An SPM Bahasa Melayu Oral Examination Question Asked Students What's Their "Dream Wedding"

The question has left Malaysians scratching their heads about its need within the curriculum and the Ministry of Education's (MOE) priorities.

Cover image via The Malaysian Reserve

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Students taking the Sijil Pelajaran Malaysia (SPM) 2021 Bahasa Melayu oral examination were asked about their "dream wedding"

The SPM 2021 Bahasa Melayu oral examination, held from 8 to 10 February, involved 401,927 students.

According to a Twitter user, her little sister was one of the students who was asked the question.

"My sister said that one of the questions for SPM Bahasa Melayu oral examination was "explain what your dream wedding is" and I found it so unnecessary like why are minors being questioned this kind of things? Are they expecting a child to answer that question?" the Twitter user shared on Wednesday, 9 February.

Another Twitter user claimed that students were told they had to give answers on the wedding ceremony, and not about their future partner or household. "It was so confusing," the user added.

New Straits Times also quoted a parent who said that her son's friend received the question.

"The child, who is a boy, was stumped for a bit. He was frustrated when he came out. Even I was stunned. This is the first batch of students of KSSM (Secondary School Standard Curriculum), they didn't have much time in schools (due to the pandemic) and as soon as they got in, the question is so explosive."

The image is for illustration purposes only.

Image via Free Malaysia Today

The question has left Malaysians scratching their heads about its need within the curriculum and the Ministry of Education's (MOE) priorities

Speaking to New Straits Times, Parent Action Group for Education (PAGE) president Datin Noor Azimah Abdul Rahim said 17-year-olds should not be thinking about marriage given the prevalent issue of child marriages in the country and students marrying immediately or shortly after leaving school.

"Oral is about articulation and you can say why not, but I think questions should be on more relatable subjects. There are child marriages; they could have asked what's the right marriageable age instead, climate change, recycling, public transport, even Undi 18 which directly affects them as some of them would become the first batch of 18-year-olds to vote in the Johor state election," Noor Azimah said.

"However, now since this issue is gaining traction among parents and students, the Malaysian Examinations Syndicate should come up with an articulate explanation as to why they chose this."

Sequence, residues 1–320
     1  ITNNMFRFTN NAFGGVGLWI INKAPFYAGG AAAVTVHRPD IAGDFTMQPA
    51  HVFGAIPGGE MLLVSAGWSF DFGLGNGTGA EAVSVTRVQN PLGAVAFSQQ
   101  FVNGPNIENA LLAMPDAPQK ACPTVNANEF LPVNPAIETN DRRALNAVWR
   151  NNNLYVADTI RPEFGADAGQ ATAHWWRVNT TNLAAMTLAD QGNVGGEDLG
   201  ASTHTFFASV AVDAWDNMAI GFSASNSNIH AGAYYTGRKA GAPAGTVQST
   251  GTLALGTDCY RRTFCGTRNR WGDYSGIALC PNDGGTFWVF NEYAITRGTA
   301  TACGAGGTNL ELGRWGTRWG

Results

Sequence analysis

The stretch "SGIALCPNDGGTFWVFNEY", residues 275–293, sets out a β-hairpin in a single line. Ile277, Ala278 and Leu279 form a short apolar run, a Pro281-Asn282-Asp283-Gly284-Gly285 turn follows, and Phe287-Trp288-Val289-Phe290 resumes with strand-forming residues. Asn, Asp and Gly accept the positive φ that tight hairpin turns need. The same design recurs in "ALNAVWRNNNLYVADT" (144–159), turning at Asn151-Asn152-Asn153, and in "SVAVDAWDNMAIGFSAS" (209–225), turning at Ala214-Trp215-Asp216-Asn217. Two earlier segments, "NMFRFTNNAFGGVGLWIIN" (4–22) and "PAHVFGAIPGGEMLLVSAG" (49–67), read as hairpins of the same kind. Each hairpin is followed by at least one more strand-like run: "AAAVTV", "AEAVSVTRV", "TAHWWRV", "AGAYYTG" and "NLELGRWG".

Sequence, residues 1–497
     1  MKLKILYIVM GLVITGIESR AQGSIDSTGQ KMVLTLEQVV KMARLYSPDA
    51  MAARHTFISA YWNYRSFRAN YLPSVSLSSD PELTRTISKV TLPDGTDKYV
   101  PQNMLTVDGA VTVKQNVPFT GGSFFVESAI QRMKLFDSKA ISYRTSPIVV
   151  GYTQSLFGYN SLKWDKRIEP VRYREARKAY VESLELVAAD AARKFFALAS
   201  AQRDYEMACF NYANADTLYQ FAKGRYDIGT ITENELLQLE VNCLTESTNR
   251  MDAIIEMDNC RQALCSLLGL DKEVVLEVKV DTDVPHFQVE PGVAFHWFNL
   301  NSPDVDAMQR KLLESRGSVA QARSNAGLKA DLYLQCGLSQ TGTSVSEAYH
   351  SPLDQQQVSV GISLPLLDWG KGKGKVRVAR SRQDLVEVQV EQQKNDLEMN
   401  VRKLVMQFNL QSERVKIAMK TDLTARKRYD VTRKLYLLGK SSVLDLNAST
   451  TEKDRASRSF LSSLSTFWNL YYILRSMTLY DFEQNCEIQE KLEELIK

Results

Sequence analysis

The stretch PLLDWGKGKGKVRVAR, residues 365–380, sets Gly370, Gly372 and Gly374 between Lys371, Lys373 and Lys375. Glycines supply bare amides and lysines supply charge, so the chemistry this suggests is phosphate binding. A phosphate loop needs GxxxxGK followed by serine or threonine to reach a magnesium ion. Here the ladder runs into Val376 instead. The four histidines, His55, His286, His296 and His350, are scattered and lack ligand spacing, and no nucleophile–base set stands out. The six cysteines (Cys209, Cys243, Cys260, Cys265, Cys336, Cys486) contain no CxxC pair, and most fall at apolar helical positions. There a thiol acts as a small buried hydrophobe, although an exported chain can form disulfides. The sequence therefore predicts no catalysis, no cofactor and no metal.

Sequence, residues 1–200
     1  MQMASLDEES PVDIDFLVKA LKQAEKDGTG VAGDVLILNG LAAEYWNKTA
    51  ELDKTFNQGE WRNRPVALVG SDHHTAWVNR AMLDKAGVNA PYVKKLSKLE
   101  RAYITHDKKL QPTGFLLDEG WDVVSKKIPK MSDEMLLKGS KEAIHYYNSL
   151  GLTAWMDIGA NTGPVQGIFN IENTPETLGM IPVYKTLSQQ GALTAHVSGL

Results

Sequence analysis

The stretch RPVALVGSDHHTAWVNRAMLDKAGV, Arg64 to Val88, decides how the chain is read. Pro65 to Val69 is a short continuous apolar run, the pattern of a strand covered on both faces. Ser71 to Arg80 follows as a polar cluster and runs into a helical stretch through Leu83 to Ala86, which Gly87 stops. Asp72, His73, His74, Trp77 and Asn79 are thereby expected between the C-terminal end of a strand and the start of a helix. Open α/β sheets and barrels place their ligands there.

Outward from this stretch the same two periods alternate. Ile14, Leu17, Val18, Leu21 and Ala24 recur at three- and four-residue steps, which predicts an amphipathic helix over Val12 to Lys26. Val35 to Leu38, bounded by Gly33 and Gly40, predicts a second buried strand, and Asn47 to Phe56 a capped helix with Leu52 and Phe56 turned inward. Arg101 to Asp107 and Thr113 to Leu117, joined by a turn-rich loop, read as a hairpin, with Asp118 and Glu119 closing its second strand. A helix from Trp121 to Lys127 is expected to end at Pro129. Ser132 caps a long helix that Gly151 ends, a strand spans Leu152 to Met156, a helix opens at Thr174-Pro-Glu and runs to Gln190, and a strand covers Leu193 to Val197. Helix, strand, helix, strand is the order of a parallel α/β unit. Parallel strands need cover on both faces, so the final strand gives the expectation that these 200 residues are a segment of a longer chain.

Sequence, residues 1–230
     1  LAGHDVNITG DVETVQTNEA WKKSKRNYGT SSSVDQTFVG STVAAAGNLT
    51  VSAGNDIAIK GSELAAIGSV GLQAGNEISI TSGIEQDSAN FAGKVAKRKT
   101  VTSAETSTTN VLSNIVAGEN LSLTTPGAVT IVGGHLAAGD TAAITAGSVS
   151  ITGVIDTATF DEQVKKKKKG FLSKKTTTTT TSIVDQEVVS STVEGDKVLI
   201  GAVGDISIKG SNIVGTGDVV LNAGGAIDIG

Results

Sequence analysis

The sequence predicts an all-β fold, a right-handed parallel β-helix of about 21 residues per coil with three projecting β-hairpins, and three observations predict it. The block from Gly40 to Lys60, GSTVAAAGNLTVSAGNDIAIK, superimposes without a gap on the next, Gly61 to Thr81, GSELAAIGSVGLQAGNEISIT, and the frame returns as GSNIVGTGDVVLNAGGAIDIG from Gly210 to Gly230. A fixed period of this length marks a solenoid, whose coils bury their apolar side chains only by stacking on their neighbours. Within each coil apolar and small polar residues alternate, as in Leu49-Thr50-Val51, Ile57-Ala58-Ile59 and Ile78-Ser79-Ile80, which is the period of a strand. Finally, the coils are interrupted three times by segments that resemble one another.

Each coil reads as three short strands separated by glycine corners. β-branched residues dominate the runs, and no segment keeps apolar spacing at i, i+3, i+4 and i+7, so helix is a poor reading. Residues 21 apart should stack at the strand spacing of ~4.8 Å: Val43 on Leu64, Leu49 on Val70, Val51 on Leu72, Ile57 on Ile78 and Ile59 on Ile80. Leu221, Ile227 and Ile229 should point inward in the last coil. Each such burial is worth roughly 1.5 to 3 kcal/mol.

Similarly, Sisters In Islam executive director Rozana Isa was quoted saying that it was totally outrageous that, even now, these are the kind of questions students in the Malaysian school system have to deal with.

According to Rozana, it's worrying that this was the best that MOE can come up with especially when students are facing grave academic and economic concerns with regards to access to virtual classrooms, Internet facilities and gadgets as well as sustaining themselves throughout the period of lockdowns.

"This question also seems to give emphasis to being marriage-centric, when we should be opening all possibilities to youth and letting them do what they want with their life in the future," she added.

Meanwhile, Kulai member of parliament (MP) Teo Nie Ching — who is the former deputy education minister — wants MOE to clarify if SPM students were really asked the question about their "dream wedding"

Is it true SPM candidates were asked 'what's your dream wedding'?
Teo Nie Ching

If true, Teo said, the question is "completely inappropriate" and should not be posed to Form 5 students.

"They are only 17 years old," she said in a statement today, 13 February.

"They should not even be thinking about marriage because there are many other important issues in their lives, like what they want to achieve academically. If it's true that the question was asked, the ministry should apologise to all Form 5 students and their parents," the Opposition lawmaker added.

She said the ministry should strive to ask questions that are more dignified and relevant.

On the other hand, Deputy Women, Family, and Community Development Minister Siti Zailah Mohd Yusoff has shared 'motherly' tips for married people to help them have a harmonious family:

Additionally, Public Health Malaysia has claimed that husbands experience more stress if their wives earn a higher income than them:

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